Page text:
by David Cecelski
This week I visited Engelhard, a quiet little fishing village between Lake Mattamuskeet and the Pamlico Sound. It’s always a good place to forage for fresh seafood. There are no retail fish markets, but the guys at the wholesale fish packing companies are happy to sell you shrimp and fish right off the boat if you don’t mind being patient. “I’ll be honest with you,” one of the packing house’s owners told me. “If we’re busy, we don’t have time to stop and deal with three or four pounds of shrimp.”
Most of the seafood packers are on Far Creek. One, Williams Seafood, is on Hill Street, and a couple others, Engelhard Seafood and Mattamuskeet Seafood, are on Goshen Back Road, on the other side of the creek. You might have to wind your way through piles of crab pots, old nets, and fish boxes, but it’ll be worth it. In the summer, they’ll usually have fresh local shrimp, as well as the fish caught by shrimp boats, like croakers and spots.
Engelhard is also known for its soft-shell crabs. They’re most abundant here in the springtime, when the young blue crabs are growing fast and shedding their shells frequently. At Jennettes Seafood, just up US 264 from Far Creek, Wanda Jennette and I talked about her family’s business one morning when I was in Engelhard. She and her husband, Tom, shed “peeler crabs,” which are blue crabs that will soon lose their hard shells. An experienced eye can tell the hard crab will shed soon by the color of its claw.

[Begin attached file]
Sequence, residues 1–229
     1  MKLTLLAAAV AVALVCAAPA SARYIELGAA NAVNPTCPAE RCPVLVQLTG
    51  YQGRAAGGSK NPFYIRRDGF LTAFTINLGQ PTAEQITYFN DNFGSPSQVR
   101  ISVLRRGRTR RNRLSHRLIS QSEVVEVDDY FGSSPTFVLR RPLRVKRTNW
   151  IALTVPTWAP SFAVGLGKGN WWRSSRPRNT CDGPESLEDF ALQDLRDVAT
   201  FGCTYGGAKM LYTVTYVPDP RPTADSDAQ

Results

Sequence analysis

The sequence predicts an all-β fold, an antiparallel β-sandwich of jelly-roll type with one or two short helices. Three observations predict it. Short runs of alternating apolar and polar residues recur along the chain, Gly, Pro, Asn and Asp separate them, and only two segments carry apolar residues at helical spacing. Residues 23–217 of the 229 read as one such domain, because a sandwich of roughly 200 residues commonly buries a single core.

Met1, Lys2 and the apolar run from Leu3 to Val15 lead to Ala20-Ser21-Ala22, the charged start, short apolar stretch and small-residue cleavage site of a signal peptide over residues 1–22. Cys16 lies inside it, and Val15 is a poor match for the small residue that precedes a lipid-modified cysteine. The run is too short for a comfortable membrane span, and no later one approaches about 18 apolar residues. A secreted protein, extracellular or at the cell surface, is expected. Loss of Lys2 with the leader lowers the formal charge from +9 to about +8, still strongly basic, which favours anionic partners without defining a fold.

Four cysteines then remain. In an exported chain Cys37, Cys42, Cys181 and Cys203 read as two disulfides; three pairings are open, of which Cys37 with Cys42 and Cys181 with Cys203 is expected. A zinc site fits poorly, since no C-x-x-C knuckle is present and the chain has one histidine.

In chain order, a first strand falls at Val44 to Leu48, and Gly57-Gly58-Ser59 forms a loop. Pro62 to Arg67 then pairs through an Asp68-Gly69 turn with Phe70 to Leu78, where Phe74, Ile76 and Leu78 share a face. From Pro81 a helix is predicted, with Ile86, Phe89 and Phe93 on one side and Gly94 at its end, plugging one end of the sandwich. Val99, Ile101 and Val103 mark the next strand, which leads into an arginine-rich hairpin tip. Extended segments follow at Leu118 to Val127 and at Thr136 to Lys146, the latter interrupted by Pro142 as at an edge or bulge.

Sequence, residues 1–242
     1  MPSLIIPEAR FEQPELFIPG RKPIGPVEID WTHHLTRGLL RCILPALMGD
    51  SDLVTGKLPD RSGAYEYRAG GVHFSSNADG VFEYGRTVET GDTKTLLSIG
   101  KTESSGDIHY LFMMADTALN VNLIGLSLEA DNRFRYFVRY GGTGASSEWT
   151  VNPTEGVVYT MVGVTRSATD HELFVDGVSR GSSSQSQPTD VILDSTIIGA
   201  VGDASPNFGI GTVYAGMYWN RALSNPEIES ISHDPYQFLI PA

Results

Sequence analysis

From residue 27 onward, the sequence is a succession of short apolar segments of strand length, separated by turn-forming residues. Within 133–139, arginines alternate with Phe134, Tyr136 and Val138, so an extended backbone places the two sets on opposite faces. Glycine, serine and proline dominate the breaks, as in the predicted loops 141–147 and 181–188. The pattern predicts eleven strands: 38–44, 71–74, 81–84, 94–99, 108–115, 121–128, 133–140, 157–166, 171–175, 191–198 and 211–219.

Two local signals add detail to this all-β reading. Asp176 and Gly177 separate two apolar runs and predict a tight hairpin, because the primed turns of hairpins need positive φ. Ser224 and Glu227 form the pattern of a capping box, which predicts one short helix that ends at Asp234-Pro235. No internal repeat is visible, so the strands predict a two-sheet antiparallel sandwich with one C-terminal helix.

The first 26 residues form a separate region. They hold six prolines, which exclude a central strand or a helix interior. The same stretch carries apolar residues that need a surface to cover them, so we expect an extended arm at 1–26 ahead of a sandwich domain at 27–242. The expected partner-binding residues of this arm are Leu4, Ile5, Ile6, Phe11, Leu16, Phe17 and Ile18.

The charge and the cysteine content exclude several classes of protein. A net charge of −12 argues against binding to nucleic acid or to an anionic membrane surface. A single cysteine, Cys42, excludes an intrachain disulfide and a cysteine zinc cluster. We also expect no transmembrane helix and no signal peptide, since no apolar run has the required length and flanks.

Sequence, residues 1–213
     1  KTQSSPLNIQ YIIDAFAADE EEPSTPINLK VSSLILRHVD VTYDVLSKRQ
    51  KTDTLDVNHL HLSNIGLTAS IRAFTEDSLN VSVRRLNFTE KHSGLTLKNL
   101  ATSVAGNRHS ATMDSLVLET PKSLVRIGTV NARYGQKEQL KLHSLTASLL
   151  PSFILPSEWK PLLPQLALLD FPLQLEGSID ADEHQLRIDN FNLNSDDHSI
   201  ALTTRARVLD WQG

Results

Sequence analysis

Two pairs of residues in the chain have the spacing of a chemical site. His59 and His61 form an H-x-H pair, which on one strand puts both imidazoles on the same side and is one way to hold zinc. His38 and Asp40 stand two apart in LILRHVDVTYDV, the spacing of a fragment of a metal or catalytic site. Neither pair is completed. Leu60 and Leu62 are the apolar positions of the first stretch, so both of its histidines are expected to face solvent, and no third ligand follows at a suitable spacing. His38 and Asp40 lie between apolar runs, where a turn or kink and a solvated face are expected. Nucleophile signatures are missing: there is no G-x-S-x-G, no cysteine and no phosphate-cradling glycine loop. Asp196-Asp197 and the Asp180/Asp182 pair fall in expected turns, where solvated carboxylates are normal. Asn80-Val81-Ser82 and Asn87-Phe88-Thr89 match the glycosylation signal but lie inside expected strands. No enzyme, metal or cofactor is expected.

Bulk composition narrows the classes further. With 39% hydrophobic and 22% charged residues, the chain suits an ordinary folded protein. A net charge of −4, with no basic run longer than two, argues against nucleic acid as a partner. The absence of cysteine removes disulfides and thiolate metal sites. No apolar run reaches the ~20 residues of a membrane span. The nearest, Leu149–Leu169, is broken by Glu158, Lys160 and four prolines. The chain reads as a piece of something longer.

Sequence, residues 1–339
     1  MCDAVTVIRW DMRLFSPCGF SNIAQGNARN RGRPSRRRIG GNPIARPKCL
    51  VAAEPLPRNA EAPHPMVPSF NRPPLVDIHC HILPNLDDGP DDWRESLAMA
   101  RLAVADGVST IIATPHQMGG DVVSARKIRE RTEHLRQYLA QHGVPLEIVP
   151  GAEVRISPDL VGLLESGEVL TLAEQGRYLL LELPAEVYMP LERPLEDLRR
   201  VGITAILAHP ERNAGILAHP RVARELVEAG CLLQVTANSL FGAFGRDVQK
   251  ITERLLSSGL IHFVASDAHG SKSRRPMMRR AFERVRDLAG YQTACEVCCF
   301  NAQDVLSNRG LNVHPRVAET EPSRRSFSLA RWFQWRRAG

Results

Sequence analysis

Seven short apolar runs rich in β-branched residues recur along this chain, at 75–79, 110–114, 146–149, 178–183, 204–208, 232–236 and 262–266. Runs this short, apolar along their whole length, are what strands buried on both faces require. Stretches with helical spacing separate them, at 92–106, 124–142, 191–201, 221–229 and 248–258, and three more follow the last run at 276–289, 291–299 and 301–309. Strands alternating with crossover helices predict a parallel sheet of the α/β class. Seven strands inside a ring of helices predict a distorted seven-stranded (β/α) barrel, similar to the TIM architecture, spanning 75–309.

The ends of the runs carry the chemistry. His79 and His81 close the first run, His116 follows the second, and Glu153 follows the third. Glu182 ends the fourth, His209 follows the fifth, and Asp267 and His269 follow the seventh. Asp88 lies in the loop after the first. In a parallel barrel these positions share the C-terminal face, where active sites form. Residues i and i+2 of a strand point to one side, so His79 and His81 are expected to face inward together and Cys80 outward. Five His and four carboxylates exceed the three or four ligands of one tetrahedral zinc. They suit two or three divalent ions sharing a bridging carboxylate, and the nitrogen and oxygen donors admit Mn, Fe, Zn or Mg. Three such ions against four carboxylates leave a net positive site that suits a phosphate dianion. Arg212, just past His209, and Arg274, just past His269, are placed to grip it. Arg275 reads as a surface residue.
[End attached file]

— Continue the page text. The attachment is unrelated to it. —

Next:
Every afternoon, fishermen bring their peeler crabs to the Jennettes. Tom and Wanda and their helpers put the crabs in saltwater holding tanks. They check their holding tanks every 3 hours, 24 hours a day, so they can remove the soft-shell crabs and refrigerate them as soon as they’ve shed their shells. Demand for this saltwater delicacy is high, and they truck most of their soft-shells north. If you stop by their peeler shed, though, they’ll be glad to sell you some, fresh or frozen.
Another good place to buy soft-shell crabs is G and G Soft Shells. This little business is on Swamp Road, just outside Engelhard. Turn left at the company’s sign and follow the dirt drive past a double-wide mobile home. There’s no office for retail sales, but the peeler holding tanks are inside an old, corrugated tin building beside a crop field. You’ll usually find somebody who can help you there.
Other good things in Engelhard: there are two local restaurants, Martelle’s, known locally for its barbecue and seafood, and the Big Trout Marina Café, a wonderful little joint that serves fresh, local seafood and country-style side dishes like butterbeans, rutabagas, and black-eye peas. Also, in June and July, you can get bags of Sweet Mattamuskeet Onions, grown onWilson and Debbie Daughtry’s farm on Airport Road, 5 miles east of town. (Check out www.alligatorrivergrowers.com.) It’s one of the few North Carolina farms that raises sweet onions. You can also find Tracy Helton’s local honey at Chris’s Red & White Grocery and at the Far Creek Gas & Grill. Known locally as the “Bee Lady,” Helton lives in Wanchese, up the road in Dare County, but gets some of her honey from hives around Engelhard and markets her “Outer Banks Bees” honey products there.